Thank you for all of the love and support this little corner of the internet has received over the past several years. As friends and family members were getting married, their weddings fueled the inspiration for this blog. But as seasons of life change, my focus, along with those nearest and dearest, shifted away from the wedding planning stage and I began to neglect this blog.

I have decided to indefinitely retire Calligraphy by Shannon in an effort to pour my attention into my lifestyle blog The Scribble Pad where I will be merging past and future inspiration boards and parties. You will still be able to place orders for calligraphy, custom invitations, and hand stamped items through my etsy shop. And as always, you can stay in touch with me under my moniker, The Scribble Pad on my blog, etsy shop, facebook, and even twitter! I look forward to sharing this new adventure with you.

11th Day of Christmas

You didn’t think my 12 days of Christmas would stop at 10 did you? The next two posts will be the post Christmas wrap up, guiding you though the days following the whirlwind holiday (or wedding) weekend.

How do you recover from the holidays with etiquette and poise? The first thing you need to do is make a list (before you forget any important details). Write down each gift, who it was from, and why you like or appreciate it. My best intention is to keep a list while I am receiving gifts, but this is not always easy so I make a routine of jotting thoughts down as I put things away. New socks, thank you mother-in-law. Delicious coffee and homemade peppermint brownies, thank you Aunt Robin and Uncle Bobby.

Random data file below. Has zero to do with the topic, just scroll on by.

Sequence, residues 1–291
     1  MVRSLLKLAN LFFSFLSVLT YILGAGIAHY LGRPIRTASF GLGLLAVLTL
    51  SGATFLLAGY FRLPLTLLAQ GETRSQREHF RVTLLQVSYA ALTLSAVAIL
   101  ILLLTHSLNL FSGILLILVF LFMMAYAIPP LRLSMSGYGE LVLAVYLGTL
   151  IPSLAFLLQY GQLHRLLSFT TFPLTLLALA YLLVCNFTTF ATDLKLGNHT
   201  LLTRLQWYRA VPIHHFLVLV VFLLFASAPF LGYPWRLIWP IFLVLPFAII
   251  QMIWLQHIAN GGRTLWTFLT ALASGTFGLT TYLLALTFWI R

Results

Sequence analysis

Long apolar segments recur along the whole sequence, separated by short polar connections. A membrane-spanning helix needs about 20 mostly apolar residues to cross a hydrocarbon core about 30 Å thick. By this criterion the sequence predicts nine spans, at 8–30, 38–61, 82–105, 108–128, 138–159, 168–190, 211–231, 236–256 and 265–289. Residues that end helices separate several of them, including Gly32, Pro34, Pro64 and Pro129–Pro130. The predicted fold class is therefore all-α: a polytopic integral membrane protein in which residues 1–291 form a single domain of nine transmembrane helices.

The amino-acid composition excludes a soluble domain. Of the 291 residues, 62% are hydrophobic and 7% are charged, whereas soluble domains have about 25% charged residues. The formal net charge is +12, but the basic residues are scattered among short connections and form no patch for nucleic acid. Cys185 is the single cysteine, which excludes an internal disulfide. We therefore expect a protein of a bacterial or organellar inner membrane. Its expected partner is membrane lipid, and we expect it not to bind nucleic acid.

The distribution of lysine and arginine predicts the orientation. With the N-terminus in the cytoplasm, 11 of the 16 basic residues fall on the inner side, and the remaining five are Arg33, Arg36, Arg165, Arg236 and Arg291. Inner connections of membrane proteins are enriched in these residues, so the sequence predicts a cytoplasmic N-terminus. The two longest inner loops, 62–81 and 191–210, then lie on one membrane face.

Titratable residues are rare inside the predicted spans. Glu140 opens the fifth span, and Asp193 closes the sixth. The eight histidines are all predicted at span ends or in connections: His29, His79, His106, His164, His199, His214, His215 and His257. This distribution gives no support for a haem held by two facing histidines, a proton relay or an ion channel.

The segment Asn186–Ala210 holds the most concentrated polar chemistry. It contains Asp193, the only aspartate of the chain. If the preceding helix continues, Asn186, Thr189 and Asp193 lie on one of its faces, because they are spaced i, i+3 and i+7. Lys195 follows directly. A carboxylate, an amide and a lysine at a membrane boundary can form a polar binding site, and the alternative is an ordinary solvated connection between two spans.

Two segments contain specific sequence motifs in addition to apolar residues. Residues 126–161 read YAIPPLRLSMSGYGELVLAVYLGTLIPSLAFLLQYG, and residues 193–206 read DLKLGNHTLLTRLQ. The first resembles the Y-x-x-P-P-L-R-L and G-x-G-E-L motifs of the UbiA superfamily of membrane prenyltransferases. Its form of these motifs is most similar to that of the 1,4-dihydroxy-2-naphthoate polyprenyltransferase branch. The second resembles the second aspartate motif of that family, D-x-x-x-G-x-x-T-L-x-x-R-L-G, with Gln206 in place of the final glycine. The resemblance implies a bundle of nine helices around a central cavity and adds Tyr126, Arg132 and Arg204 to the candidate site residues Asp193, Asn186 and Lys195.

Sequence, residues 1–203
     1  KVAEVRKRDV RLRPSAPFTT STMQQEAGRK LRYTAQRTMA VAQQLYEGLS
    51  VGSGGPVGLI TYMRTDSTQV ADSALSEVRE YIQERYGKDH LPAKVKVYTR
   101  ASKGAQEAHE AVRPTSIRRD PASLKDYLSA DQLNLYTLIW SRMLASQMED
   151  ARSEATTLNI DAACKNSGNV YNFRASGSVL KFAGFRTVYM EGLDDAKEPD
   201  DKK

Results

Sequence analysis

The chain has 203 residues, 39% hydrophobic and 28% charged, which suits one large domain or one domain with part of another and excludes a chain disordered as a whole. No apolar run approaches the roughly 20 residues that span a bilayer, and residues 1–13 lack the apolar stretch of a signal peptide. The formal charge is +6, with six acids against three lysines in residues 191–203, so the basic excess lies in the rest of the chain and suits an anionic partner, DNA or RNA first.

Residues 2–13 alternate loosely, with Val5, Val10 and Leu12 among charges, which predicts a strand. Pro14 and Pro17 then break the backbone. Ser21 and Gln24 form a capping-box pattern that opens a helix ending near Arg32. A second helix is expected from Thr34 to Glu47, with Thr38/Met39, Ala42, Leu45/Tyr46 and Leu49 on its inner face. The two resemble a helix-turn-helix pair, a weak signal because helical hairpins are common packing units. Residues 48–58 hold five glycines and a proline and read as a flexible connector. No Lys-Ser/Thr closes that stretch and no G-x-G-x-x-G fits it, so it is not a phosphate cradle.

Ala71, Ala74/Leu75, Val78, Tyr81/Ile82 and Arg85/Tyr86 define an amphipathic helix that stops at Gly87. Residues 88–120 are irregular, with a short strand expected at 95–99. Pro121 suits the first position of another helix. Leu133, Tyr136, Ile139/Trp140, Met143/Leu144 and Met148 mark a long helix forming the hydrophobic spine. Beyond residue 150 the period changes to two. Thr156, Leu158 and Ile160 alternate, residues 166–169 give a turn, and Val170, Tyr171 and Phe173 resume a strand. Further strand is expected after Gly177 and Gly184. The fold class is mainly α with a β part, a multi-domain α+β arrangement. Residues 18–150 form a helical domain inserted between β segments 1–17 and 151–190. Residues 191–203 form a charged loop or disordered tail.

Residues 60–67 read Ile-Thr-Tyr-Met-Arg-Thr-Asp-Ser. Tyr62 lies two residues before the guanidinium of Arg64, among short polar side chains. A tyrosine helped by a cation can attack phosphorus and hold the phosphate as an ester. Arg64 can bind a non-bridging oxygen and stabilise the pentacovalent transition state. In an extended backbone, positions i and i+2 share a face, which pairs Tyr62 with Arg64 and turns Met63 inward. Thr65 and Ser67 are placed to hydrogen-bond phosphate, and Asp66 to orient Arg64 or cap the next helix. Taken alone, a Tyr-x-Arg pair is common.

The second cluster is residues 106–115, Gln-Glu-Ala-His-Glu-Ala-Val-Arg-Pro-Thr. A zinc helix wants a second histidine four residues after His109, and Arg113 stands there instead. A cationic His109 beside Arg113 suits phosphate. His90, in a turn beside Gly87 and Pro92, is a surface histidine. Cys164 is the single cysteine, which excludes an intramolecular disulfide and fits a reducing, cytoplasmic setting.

Now let’s tackle the task of writing the thank you note, and all the questions that come with it! First, remember that everyone has written a thank you note at some point or another, so you are not alone. Things to remember before you start:

- The thank you note is about expressing thanks, so remember to emphasize this
- The thank you note should be about the gift giver, not you. (try to limit the use of “I” or “we”)
- Be sure to mention why the gift is special and/or how you will use it
- All thank you’s should be hand written and hand addressed. No short cuts allowed for this gesture. And no e-mail thank you’s allowed!
- A thank you note need not be long, only thoughtful.

Who should you write a thank you note for?
Everyone. Anyone who gives you a gift, or opens their home as a host to you during the holidays should receive a gift. The one exception: there is no need to send a thank you for a thank you. For example, you are hosting Christmas dinner, and a guest show up with a bottle of wine. This hostess gift is an expression of gratitude and you should not send a thank you.

How long do you have after receiving a gift to send your thank you note?
The rules for this vary, but the sooner the better. I try to get my Christmas thank you note done the weekend after new years. A month is a good guide, but do not fret, a late note is always better than no note at all.
Wedding Tip: I took the week after my honeymoon off from work. This time helped me get established in our new home and also provided ample time to write my thank you notes almost immediately.